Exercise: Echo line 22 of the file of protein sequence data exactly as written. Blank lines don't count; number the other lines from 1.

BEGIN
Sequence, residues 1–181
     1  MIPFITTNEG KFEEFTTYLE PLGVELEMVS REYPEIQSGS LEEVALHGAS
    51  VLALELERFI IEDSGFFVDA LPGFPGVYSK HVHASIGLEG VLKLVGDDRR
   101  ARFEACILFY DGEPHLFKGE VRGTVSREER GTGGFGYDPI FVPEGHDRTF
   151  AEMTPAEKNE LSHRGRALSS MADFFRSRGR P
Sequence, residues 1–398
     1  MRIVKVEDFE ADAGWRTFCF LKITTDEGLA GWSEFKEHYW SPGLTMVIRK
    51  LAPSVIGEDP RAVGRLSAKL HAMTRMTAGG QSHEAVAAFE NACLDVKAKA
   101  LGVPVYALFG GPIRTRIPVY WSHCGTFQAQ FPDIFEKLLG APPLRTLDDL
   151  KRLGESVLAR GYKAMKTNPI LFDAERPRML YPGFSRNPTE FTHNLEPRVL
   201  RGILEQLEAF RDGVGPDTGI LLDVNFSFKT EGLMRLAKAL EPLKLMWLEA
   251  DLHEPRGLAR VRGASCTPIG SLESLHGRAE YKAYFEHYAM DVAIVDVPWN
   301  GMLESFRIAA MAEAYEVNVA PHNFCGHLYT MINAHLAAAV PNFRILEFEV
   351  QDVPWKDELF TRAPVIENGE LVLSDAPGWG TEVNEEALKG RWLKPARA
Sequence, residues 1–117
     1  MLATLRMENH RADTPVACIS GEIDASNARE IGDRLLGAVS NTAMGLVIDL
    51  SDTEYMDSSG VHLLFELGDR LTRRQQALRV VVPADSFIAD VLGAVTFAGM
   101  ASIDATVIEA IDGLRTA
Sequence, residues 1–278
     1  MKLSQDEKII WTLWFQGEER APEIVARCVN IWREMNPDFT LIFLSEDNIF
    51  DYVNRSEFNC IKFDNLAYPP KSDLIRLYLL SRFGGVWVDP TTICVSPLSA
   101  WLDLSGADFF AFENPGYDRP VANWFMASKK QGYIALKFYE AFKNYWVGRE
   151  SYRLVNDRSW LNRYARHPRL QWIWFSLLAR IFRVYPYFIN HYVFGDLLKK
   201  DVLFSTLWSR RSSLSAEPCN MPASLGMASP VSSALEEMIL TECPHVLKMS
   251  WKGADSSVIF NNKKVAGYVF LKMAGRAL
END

   101  WLDLSGADFF AFENPGYDRP VANWFMASKK QGYIALKFYE AFKNYWVGRE